The development shows that Haldex continues to invest in product development to keep ahead of the market. Partly, this is to match the OEs’ preferences and expectations for global supply of low-copper friction material. But such work benefits not only Haldex’s customers, but also the environment and society at large. This is a case where the brake supplier, which is a supporter of the UN’s ’17 goals’ for sustainable development, is turning its environmental responsibilities into action.
And it won’t stop here. There is increasing concern in Europe about the health risks posed by dust particles smaller than 2.5 micron to humans, particularly in urban areas. Such particles are generated by vehicle brakes (among other sources). Haldex will continue to develop friction materials to meet evolving standards.
Although Haldex is not a manufacturer of friction material, it might as well be, given the amount of work it puts into validation tests. It takes a minimum of three years for a new material from a supplier to reach sales-ready status, called internally ‘state of production’. This work is carried out by Haldex’s friction material team.
Haldex vehicle testing manager Jonas Benson outlines the Haldex testing procedure. As the company cannot possibly test all of the materials being developed, it chooses a few of the most promising that are available globally. That selection is partly based on the results of some ISO standard tests carried out by the friction material manufacturer. He states: “If we find it interesting commercially, and if the supplier has produced it before, and we have references, then we will start a process of dyno testing with simulating the loads of a fully-laden commercial vehicle under different operational conditions including legislation testing.”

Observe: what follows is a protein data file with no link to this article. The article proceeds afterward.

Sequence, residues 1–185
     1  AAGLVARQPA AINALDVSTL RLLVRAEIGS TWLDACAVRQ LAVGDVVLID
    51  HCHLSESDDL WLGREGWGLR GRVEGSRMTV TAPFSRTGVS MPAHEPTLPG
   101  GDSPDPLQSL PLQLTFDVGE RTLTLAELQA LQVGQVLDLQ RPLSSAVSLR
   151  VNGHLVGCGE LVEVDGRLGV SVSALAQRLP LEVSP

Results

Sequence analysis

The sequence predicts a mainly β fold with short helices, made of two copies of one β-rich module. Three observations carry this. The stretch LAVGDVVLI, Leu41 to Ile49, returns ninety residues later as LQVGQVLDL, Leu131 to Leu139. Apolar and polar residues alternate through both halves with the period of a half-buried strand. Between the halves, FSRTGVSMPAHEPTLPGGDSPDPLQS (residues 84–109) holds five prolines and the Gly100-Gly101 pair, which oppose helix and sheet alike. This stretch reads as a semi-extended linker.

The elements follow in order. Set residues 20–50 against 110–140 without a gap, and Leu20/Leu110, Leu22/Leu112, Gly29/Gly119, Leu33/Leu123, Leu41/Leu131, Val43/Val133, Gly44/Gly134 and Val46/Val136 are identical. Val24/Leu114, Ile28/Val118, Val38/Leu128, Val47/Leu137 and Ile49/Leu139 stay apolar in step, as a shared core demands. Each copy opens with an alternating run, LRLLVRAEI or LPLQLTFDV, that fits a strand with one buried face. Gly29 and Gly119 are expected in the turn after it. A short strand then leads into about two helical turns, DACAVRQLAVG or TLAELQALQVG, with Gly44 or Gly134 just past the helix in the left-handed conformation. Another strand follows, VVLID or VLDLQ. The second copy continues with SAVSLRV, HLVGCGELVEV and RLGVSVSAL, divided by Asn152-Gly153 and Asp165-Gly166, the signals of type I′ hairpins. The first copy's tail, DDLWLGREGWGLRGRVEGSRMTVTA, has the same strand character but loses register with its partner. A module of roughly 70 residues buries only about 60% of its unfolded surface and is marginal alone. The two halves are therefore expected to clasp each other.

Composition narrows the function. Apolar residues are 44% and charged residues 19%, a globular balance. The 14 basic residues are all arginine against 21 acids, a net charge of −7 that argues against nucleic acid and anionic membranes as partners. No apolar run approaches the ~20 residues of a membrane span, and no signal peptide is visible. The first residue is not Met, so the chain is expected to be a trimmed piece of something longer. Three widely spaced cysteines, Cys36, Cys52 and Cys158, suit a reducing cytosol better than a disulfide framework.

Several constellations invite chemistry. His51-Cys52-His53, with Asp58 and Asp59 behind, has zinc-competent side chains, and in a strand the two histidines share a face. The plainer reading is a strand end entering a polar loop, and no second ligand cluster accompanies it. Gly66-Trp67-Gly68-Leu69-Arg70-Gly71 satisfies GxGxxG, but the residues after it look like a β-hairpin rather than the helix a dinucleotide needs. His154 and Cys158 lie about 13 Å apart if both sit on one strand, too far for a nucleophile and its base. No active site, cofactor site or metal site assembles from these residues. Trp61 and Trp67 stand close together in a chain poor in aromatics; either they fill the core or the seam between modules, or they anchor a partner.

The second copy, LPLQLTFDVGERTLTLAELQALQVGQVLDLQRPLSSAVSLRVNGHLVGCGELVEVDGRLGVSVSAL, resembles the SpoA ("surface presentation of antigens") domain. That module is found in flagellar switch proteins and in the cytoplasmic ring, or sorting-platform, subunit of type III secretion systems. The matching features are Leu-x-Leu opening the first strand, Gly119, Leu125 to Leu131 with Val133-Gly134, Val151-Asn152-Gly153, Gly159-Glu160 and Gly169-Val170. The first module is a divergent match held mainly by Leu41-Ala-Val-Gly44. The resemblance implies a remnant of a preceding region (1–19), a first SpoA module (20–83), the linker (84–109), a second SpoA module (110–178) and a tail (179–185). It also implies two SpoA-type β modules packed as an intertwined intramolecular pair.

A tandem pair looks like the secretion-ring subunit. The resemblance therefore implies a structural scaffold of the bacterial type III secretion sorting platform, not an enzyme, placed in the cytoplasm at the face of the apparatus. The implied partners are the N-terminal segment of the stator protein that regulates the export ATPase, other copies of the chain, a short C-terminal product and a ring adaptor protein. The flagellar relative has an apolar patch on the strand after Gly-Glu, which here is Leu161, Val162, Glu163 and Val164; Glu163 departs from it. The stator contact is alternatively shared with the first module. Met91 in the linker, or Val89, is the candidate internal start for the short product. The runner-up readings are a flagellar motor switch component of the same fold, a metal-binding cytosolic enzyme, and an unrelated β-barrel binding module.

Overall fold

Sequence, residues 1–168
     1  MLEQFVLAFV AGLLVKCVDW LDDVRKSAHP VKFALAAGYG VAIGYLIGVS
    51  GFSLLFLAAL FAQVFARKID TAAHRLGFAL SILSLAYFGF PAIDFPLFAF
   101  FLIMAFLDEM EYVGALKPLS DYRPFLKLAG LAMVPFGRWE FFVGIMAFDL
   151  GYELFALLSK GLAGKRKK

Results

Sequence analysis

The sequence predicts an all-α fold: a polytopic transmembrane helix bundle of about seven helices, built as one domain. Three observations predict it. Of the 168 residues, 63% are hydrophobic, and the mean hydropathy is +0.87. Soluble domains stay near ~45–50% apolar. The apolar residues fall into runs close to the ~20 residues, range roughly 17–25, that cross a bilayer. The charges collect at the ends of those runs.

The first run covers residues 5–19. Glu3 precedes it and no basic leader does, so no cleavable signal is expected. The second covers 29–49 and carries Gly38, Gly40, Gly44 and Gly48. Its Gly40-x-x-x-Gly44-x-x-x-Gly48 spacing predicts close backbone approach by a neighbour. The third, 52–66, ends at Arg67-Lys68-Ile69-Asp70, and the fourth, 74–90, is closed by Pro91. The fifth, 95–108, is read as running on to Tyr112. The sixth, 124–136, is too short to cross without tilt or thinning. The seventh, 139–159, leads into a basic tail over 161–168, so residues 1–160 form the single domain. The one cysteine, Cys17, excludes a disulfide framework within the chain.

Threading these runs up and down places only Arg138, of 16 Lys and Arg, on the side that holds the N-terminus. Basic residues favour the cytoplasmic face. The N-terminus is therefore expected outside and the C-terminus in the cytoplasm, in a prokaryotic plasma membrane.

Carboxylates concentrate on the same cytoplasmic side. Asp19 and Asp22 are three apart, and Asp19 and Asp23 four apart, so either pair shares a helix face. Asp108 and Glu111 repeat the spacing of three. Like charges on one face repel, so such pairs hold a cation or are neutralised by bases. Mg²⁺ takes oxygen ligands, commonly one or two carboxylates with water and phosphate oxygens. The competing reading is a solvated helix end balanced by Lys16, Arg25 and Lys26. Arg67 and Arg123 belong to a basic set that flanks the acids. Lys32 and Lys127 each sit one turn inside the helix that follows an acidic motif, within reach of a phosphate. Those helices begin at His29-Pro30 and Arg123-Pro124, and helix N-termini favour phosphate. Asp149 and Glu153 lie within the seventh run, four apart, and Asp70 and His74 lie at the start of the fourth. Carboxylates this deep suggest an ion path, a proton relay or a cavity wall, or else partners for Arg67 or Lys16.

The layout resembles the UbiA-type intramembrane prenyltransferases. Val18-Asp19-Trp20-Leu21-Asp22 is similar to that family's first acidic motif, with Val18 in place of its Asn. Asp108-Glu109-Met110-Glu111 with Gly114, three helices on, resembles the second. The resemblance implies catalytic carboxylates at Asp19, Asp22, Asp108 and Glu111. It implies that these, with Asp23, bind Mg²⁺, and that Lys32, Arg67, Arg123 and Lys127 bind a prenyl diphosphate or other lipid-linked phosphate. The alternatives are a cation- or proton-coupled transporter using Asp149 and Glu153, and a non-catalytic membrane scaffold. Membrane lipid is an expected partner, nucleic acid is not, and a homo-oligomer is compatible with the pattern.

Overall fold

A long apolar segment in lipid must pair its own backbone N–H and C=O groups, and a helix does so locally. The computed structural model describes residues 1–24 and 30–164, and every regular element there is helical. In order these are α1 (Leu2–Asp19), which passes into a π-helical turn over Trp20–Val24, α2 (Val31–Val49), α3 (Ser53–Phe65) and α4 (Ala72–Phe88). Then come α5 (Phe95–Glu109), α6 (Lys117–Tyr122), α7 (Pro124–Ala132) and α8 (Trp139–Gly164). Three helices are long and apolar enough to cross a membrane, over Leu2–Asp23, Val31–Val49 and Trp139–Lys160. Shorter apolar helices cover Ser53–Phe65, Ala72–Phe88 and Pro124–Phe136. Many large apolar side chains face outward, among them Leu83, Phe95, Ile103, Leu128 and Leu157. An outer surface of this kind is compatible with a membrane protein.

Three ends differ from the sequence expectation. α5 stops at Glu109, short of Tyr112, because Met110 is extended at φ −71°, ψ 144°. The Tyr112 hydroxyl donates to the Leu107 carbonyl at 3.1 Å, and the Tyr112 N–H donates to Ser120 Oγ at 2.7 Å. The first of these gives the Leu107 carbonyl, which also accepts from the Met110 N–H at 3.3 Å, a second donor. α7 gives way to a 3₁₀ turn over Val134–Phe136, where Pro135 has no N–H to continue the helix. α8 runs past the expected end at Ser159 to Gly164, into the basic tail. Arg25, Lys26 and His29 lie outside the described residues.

First, it verifies the results of the suppliers’ tests, which takes two days. Then it moves on to disc crack testing, using test procedures developed by Daimler. “To deal with thermal stress, you need a good casting for the [brake] rotor. But you also need a gentle pad,” he observes. That is a 10-day test.
Also carried out is a test to the UNECE R13 brake standard, a legal requirement for brakes and one part of type approval. That takes a day. Finally are two ISO standardised tests, a two-day global specification performance test and an eight-day global specification wear test.
Once the pads pass all of the internal tests, they are offered to selected customers for two years of pre-sales field testing, in this case involving some 30 vehicles. “It’s important that the pads are run in different operations, whether construction – low mileage but aggressive or line-haul, which in flat countries you don’t brake often and traffic is low. Aggressive driving will wear the pads, as thermal stress is higher. On the other hand, if you drive them on the highway but never brake, the friction level still needs to be high, so you can have a problem with that,” adds Benson. As vibration has an impact on the pads, they are tested in different regions with different speed limits and quality of roads.
Following Haldex tests, the material is released to other parties for testing, including not only customers but also axle manufacturers, who will run them for a year. Their focus is on technical inspections; edge crumbling, corrosion at the sides, environmental issues and lifetime.
Although a long time in coming, friction material tested in this way is well worth the wait, as it has been thoroughly evaluated before reaching the open market. Customers may find that reassuring.